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Request for Proposals Guide

A request for proposals (RFP) is a tool to communicate to a consultant what you need and how quickly you need it.

A well-prepared RFP should clearly outline the following:

  • specifics of the project;
  • timelines; and
  • responsibilities.

This information will allow the consultant to provide an accurate quote for their services. If the RFP is clear, the proposals will include all the information required to decide if the consultant can meet your needs at a cost you can afford.

Developing an RFP requires some time and effort but will:

  • help the consultants to prepare proposals in response to your needs;
  • will streamline the evaluation process; and
  • contribute to the preparation of the Terms of Reference (TOR) and the contract.

1. Information about your community

To help a consultant decide if their services fit your needs, begin your RFP with information about your community, including but not limited to:

  • a brief description of your community (location, population, significant industry, development, settlement);
  • identification of existing planning tools including official community plans, zoning bylaws, and regional growth strategies; and
  • your mission, vision, goals and relevant growth plans.

2. Scope of project

Your description of the project will provide the consultant with context and identify your expectations. The better the consultant understands your requirements, the better the proposal will be. You should clearly explain:

  • why you are seeking proposals;
  • the goal of the project;
  • issue(s) the project is intended to address/resolve;
  • issue(s) which may complicate the project;
  • history relating to or affecting the project;
  • other related projects; and
  • the interim and final products you require (if the product/ project is similar to something existing, consider providing this information as an attachment).

3. Timelines

Indicate the overall timeline for completing the project and set milestones or deadlines. These factors may affect what a consultant proposes and the cost. If time is very important, consider including a project schedule in your RFP or you can specifically request a work plan identifying key actions, staffing, resources, costs and timelines.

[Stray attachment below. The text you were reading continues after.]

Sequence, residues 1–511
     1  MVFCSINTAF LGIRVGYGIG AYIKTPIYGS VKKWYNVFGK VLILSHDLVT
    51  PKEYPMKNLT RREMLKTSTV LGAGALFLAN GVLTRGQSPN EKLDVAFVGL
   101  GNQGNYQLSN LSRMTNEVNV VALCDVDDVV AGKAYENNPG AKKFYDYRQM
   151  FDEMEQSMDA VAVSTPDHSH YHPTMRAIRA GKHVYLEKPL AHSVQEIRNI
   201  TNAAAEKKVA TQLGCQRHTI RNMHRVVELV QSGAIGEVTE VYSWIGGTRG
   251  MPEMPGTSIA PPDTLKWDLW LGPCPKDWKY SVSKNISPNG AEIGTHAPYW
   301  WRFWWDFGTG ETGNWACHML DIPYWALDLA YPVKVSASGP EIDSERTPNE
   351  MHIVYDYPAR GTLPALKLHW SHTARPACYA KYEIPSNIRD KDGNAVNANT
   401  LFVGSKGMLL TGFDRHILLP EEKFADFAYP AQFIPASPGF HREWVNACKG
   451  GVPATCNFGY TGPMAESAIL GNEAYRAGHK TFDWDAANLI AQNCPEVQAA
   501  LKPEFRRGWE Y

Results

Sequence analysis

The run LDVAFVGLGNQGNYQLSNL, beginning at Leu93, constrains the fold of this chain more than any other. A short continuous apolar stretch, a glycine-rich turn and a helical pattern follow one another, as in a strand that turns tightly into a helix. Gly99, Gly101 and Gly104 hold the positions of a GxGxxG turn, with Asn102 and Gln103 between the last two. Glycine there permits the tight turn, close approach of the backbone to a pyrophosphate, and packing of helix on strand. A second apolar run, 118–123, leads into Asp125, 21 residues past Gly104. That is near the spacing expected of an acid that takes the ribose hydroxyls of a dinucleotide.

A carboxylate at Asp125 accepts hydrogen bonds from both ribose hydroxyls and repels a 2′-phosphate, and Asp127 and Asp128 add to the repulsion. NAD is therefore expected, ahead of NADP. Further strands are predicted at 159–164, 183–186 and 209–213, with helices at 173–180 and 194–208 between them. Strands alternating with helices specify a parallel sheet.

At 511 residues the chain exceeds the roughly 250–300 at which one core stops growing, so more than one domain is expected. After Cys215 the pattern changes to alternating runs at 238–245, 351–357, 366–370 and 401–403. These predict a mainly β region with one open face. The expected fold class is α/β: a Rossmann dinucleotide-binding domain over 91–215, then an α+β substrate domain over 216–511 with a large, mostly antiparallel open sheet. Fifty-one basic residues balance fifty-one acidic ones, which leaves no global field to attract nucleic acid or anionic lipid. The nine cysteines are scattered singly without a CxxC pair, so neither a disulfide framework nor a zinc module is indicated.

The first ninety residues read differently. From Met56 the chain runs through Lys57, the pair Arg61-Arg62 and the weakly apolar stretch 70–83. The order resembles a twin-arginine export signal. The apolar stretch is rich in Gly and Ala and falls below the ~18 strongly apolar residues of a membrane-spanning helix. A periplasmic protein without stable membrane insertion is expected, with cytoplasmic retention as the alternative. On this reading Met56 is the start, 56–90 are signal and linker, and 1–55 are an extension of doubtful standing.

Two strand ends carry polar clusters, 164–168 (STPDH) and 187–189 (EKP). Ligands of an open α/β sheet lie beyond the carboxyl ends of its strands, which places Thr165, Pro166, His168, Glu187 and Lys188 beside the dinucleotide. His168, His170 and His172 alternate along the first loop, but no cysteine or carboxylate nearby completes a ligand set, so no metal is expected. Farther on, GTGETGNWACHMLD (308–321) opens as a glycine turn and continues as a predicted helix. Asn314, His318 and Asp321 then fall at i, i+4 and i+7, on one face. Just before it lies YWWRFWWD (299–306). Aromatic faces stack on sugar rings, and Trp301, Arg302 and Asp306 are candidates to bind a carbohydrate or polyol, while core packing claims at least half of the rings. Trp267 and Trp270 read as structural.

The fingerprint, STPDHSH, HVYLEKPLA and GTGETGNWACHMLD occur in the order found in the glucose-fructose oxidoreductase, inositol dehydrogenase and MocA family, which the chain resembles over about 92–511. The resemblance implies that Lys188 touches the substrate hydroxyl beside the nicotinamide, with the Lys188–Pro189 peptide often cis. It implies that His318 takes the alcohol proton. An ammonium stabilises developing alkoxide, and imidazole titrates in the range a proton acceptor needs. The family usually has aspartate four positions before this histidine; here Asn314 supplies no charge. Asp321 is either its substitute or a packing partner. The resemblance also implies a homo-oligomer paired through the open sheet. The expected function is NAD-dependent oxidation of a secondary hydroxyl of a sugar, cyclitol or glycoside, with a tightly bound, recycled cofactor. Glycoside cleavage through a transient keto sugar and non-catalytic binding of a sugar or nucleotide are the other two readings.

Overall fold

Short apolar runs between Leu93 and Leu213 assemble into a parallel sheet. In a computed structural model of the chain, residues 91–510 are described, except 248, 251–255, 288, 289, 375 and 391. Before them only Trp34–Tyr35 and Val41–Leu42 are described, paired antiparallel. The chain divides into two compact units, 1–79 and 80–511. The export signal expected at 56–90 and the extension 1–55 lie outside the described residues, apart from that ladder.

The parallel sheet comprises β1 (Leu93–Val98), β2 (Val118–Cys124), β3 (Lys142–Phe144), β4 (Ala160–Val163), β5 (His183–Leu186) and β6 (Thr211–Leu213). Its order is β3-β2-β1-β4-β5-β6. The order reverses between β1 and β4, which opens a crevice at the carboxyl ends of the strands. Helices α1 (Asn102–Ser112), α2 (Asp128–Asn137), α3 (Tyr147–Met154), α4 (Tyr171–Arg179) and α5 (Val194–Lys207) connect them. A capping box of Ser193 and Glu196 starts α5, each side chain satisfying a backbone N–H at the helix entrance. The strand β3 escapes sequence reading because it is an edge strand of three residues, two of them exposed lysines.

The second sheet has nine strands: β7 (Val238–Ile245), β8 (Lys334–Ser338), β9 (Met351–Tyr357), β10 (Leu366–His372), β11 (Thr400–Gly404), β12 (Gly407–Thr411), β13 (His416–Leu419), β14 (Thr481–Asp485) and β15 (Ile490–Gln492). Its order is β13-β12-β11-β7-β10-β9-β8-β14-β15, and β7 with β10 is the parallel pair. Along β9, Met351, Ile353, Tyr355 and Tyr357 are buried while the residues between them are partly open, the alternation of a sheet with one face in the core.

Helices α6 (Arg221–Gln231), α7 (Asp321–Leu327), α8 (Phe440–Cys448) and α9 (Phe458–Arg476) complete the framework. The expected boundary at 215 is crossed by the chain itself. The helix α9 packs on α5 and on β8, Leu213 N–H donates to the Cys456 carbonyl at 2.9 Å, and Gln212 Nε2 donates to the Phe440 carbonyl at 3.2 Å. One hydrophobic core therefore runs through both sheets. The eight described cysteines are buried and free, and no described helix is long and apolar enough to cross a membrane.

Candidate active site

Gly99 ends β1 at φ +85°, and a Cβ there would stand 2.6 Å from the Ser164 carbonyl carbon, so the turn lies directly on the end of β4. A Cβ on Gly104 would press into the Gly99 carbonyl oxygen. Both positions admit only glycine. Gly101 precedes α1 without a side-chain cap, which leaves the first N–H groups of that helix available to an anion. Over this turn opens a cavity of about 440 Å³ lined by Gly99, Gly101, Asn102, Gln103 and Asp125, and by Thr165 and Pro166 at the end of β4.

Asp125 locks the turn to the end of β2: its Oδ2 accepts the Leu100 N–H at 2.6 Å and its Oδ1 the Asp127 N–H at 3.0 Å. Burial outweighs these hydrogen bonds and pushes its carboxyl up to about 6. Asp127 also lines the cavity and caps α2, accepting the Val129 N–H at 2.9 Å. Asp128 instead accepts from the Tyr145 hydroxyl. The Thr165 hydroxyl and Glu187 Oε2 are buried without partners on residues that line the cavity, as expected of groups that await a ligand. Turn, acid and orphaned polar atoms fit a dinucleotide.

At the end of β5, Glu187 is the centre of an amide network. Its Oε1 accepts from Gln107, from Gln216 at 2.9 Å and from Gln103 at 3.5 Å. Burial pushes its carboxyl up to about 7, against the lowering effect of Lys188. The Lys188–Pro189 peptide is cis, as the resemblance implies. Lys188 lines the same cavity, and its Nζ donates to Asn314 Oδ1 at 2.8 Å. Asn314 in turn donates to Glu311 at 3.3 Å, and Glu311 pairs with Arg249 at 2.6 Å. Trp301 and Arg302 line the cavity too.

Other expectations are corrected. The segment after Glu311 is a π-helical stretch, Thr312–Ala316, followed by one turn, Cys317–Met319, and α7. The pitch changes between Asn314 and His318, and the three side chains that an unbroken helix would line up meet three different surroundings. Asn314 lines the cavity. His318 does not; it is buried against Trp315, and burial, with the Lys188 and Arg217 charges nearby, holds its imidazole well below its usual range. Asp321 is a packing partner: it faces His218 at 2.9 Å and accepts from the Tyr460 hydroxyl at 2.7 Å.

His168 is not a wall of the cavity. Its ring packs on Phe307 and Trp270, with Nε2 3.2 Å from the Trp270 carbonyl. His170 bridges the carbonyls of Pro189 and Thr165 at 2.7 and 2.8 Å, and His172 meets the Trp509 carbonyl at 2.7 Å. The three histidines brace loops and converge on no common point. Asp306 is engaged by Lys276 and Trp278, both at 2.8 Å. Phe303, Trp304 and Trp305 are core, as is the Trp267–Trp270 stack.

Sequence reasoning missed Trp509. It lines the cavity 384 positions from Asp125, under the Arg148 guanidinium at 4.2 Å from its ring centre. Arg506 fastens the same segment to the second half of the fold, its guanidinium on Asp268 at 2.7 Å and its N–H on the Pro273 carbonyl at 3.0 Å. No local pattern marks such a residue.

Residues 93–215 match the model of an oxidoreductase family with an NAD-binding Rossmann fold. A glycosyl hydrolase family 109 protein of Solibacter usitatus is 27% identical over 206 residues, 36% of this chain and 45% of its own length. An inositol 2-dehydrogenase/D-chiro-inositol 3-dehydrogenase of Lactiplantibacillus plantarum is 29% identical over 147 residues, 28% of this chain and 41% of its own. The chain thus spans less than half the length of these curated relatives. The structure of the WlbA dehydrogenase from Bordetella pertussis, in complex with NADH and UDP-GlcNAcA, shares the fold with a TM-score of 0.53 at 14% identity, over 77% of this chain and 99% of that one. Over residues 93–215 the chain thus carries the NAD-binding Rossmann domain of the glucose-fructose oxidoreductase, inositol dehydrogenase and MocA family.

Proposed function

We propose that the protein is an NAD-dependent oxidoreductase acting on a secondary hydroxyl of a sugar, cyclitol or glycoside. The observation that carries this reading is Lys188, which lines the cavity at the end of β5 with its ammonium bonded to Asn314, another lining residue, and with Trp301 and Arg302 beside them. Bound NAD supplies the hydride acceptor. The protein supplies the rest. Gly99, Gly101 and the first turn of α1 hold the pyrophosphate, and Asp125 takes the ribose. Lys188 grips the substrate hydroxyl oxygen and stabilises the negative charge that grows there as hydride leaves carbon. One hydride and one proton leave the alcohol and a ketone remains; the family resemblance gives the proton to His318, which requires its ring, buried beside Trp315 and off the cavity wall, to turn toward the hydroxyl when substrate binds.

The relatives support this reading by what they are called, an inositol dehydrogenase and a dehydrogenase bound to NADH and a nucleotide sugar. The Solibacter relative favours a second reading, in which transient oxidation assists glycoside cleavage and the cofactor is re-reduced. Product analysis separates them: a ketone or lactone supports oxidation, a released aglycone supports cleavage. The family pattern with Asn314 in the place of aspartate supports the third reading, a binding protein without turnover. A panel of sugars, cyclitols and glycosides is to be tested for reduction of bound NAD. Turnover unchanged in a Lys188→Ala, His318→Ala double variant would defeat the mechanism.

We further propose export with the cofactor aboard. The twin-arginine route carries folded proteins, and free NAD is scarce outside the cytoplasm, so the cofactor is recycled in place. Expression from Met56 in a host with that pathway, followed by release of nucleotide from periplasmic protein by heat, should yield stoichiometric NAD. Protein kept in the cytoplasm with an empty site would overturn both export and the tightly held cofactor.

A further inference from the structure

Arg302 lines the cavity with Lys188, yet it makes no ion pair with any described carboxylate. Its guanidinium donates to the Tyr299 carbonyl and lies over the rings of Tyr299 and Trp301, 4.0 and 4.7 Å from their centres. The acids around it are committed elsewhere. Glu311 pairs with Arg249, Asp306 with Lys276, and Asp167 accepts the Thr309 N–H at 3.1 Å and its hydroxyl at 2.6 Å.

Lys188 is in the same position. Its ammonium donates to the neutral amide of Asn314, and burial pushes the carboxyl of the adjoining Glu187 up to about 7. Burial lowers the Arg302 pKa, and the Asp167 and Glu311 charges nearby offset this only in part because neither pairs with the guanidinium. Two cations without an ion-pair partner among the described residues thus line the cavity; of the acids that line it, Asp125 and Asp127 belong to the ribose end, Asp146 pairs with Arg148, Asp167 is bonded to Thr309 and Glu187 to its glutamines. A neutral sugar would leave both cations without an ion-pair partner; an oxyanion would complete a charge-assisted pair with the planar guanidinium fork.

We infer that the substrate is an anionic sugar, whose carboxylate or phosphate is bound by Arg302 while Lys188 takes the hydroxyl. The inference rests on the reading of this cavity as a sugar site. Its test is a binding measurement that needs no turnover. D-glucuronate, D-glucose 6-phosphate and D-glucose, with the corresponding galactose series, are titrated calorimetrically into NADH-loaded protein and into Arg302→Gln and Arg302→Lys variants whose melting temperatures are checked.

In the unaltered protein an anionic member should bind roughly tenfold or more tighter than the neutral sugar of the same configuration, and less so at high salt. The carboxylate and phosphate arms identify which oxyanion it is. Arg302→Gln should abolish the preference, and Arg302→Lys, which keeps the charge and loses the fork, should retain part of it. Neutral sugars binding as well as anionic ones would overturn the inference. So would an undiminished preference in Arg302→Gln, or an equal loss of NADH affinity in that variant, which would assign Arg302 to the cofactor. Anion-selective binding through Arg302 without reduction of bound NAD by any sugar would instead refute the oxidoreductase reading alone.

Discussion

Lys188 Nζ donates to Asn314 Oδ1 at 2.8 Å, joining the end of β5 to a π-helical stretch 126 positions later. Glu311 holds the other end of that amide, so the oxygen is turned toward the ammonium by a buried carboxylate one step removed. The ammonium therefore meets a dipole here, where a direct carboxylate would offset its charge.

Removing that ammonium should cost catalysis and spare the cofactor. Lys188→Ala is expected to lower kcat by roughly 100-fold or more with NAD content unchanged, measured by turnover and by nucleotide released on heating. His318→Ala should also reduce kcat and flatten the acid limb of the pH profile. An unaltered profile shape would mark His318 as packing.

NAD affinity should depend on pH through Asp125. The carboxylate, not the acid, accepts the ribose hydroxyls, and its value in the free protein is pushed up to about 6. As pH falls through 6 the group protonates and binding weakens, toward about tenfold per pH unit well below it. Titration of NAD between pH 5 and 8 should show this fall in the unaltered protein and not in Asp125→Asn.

4. Responsibilities

To help the consultant understand the range of services required, clearly identify your expectations for administrating and managing the project and ask them to identify what they will be responsible for in the proposal. For example:

  • administration (e.g. meetings, minutes, invoicing, etc.); and
  • organizing public consultations, preparing/printing materials, presentations, final reports, etc.

5. Budget

To help consultants decide if they wish to develop a proposal and to determine if the proposal meets the limitations of your budget:

  • clearly identify your budget for the project as appropriate; and
  • request consultants respond with detailed estimates for each product or phase of the project and ask them to identify what they have allowed as a contingency factor.

6. Information about a consultant

The RFP should ask for detailed information on the consultant's expertise and experience. Request a resume of the principal consultant, summaries or examples of similar work performed for other municipalities or references from similar clients. Ask the consultant to identify any sub-contractors, what they will be responsible for and verify their expertise.

To help you compare consultants, it may be useful to prepare a questionnaire focusing on experience and expertise of particular interest to your group.


7. Submission requirements

To ensure that you get the proposals complete, in an acceptable format and on time, the RPF must provide:

  • contact information;
  • closing date/time;
  • number of copies required;
  • any templates or forms you have developed; and
  • acceptable formats (digital, hard copy).

The RFP should also let consultants know:

  • when you will be reviewing proposals;
  • whether or not you plan to conduct interviews and reference checks; and
  • when you will be making a decision.

For detailed or large projects like an official community plan, some municipalities will prepare a separate TOR. Where applicable these should be referenced in the RFP and attached.


8. Criteria for proposal evaluation

Consultants need to know how you will evaluate proposals. Clearly outline the criteria. This may be as simple as the total estimated cost or may include several factors like:

  • related experience;
  • proposed approach;
  • submitted workplan; and
  • costs and outputs.

9. Terms and conditions

A section should be included at the end outlining any terms and conditions applying to the proposal or the overall product/project. For example:

The municipality will:

  • not pay for bids;
  • retain the right not to select any consultants; and
  • require a contract before a certain date.

For clarity, you may also want to include any definitions or terms possibly unfamiliar to the consultants.

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